Solving Complex Problems with Mutually Beneficial Supply Chain Integration Solutions

Solving Complex Problems with Mutually Beneficial Supply Chain Integration Solutions

Share on linkedin
Share on twitter
Share on whatsapp
Share on tumblr

This past week the Institute for Development Impact (I4DI) presented their “SmarTRADE” holistic development strategy to Policy Analysts with the Economic Growth and International Financial Institutions Division of the Canadian Government about solving complex problems with mutually beneficial supply chain integration solutions. More specifically, I4DI highlighted the shea butter supply chain in Western Africa, and how a human-centered, ecosystem development approach leveraging new and exciting technologies such as “blockchain” can create positive-sum outcomes for all stakeholders.

Shea Butter is currently a major source of income for many people living in the 21 African countries where shea trees naturally thrive. This is a result of a major demand for processed shea butters and oils for use as a cocoa butter equivalent (CBE) in confectionaries, and as an ingredient in many natural cosmetics and personal care products. While shea butter has a multi-industry application, ninety percent of processed shea butter is used as a CBE while only ten percent are being used for cosmetic and personal care production. Over the last fifteen years, the industry demand for shea butter has nearly doubled and is projected to increase in the coming years due to higher levels of chocolate consumption in developing nations, the skyrocketing price of cocoa, and the increasing demand for natural cosmetics and soaps.

This bustling industry affects the livelihood of millions of smallholder shea butter farmers and processors of whom more than 90% are women, however, there are many disparaging challenges for these women involved with the supply chains. The work to collect, return, and process the shea kernels into shea butter and oil is all done manually over a long period and is extremely labor intensive. Local Buying Agents (LBAs), of which 99% are men, will then come into those villages and offer lower than fair prices to the women who have just performed this manual labor for their processed shea butter. The LBA will then turn around to sell the product to corporations at a much higher premium who are ready to add value to the product and sell to their consumers. Not only are the LBA’s positioning themselves as an un-needed middle-man, but they go into the villages at unpredictable times with unreliable and unfair prices.  This poses a major problem for most of the women in the supply chain because they cannot rely on regular purchases at a reputable price, and many women see an LBA as an opportunity to unload all her processed goods in one quick sale. Not only does this leave the women with less money than they could have made, but now they have money during a time in which shea does not need to be farmed or processed, and are ultimately robbed of their economic identity.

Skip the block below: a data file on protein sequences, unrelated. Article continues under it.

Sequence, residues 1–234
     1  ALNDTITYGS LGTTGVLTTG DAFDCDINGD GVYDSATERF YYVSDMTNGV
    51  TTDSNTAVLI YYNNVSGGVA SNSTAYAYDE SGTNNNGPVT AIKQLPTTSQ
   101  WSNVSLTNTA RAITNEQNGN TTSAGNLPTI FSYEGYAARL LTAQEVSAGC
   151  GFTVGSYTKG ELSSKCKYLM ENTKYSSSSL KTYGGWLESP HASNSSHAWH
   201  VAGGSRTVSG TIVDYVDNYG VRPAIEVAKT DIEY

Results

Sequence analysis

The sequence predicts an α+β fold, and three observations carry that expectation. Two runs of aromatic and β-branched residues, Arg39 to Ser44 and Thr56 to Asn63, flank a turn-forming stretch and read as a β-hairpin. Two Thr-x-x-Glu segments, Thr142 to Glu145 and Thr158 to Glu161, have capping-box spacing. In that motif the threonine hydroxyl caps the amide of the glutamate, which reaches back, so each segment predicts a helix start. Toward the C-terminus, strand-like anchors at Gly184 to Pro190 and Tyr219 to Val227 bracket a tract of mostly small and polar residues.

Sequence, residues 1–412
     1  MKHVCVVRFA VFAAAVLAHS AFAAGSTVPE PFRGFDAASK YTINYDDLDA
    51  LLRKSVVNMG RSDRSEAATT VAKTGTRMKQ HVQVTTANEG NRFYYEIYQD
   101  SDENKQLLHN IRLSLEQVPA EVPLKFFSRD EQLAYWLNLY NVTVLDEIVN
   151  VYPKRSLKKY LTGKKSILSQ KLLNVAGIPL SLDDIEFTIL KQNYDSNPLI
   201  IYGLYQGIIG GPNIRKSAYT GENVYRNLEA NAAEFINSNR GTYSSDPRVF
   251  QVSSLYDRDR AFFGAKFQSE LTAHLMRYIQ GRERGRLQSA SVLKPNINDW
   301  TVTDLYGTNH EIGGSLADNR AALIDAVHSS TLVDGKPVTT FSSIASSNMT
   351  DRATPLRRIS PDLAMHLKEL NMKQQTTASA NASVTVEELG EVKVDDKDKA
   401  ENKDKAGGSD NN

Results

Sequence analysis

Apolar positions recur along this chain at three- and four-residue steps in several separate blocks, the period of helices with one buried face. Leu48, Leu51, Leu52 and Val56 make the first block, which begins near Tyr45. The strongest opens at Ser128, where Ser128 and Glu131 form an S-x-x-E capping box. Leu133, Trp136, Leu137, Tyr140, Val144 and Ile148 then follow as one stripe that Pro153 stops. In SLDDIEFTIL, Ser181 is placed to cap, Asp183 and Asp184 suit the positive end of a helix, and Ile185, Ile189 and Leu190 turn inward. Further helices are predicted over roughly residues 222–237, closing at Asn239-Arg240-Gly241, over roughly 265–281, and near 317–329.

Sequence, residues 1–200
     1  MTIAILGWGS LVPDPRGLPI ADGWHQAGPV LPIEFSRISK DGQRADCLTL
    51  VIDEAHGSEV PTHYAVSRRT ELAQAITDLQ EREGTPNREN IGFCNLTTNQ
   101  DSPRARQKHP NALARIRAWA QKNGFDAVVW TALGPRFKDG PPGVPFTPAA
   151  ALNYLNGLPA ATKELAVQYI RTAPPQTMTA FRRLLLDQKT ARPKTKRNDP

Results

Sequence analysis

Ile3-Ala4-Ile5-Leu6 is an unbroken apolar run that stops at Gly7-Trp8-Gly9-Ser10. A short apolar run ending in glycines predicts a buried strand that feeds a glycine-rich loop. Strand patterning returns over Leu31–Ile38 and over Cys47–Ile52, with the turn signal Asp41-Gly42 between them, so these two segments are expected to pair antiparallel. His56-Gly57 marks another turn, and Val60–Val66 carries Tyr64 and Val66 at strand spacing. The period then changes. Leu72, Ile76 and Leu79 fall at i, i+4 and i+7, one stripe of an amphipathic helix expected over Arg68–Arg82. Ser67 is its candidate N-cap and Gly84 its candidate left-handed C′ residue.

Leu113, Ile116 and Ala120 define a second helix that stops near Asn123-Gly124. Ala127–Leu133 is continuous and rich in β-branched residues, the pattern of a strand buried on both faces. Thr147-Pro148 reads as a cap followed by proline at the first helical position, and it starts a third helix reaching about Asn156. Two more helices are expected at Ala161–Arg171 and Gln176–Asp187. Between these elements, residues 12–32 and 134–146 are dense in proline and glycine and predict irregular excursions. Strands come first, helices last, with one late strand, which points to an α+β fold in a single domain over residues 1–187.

Screen Shot 2017-07-21 at 12.49.11 PM
The Shea Butter Supply Chain

While there are numerous challenges posed to women who are involved in the shea butter supply chain, I4DI has worked on an innovative approach to remediate these problems with solutions that are in the interest of the companies who utilize the shea butter, the partners involved in social and economic development, the governments and communities that they serve, and of course, the women who process the shea kernels into butter.

Through their three-step technical approach, I4DI can: 1) Conduct formative research to understand the shea butter supply chain challenges and opportunities, the economic and social drivers to best leverage incentives, to understand community dynamics, relationship structures, and economic opportunities. 2) Design the intervention to mobilize stakeholders to form “trust networks” (defined as farmers, organizations, government, companies, and change agents who have built strong relationships through multi-stakeholder platforms), using a participatory approach, identify conditions for economic incentives outlined by a “development contract” and by using a human centered design to leverage supply chain interests while engaging women and youth, especially the most vulnerable. 3) Pilot and test the intervention by establishing the trust networks in target communities that link the stakeholders to the development contract, and implement community and governance interventions and establish an economic identity for people within the supply chain.

Using this type of an approach can aide equitable development in several differing smallholder farming communities to establish an economic identity for the farmers, increase productivity and traceability for companies, boost local economic growth, and help to drive impacts towards achieving the sustainable development goals.

To Continue the Discussion, Feel Free to Contact: info@i4di.org

 

 

Contact.

719 A St. NE, Washington, DC 20002

+1.202.399.3110

Info@i4di.org

FOLLOW ON SOCIAL NETWORKS.

©Made by I4DI – © 2020 Development Institute LLC, Washington DC, USA.